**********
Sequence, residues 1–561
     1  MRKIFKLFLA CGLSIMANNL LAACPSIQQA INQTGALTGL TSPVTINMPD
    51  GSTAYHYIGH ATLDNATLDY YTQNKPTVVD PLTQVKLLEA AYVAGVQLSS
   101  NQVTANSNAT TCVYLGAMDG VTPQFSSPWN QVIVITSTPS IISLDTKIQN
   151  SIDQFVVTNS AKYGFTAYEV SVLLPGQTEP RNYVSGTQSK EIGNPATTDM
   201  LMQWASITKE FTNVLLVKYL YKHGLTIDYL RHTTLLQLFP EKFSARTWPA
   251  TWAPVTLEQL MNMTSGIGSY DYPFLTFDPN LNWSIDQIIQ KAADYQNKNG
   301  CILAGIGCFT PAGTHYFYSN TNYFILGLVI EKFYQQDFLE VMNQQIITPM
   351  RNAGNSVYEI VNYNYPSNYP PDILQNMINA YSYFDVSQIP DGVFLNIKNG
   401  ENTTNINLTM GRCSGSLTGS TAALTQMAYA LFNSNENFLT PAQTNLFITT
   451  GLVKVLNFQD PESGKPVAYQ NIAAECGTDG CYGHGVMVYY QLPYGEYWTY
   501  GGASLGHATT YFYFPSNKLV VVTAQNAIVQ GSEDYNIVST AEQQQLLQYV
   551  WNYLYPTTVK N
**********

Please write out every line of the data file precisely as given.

Sequence, residues 1–561
     1  MRKIFKLFLA CGLSIMANNL LAACPSIQQA INQTGALTGL TSPVTINMPD
    51  GSTAYHYIGH ATLDNATLDY YTQNKPTVVD PLTQVKLLEA AYVAGVQLSS
   101  NQVTANSNAT TCVYLGAMDG VTPQFSSPWN QVIVITSTPS IISLDTKIQN
   151  SIDQFVVTNS AKYGFTAYEV SVLLPGQTEP RNYVSGTQSK EIGNPATTDM
   201  LMQWASITKE FTNVLLVKYL YKHGLTIDYL RHTTLLQLFP EKFSARTWPA
   251  TWAPVTLEQL MNMTSGIGSY DYPFLTFDPN LNWSIDQIIQ KAADYQNKNG
   301  CILAGIGCFT PAGTHYFYSN TNYFILGLVI EKFYQQDFLE VMNQQIITPM
   351  RNAGNSVYEI VNYNYPSNYP PDILQNMINA YSYFDVSQIP DGVFLNIKNG
   401  ENTTNINLTM GRCSGSLTGS TAALTQMAYA LFNSNENFLT PAQTNLFITT
   451  GLVKVLNFQD PESGKPVAYQ NIAAECGTDG CYGHGVMVYY QLPYGEYWTY
   501  GGASLGHATT YFYFPSNKLV VVTAQNAIVQ GSEDYNIVST AEQQQLLQYV
   551  WNYLYPTTVK N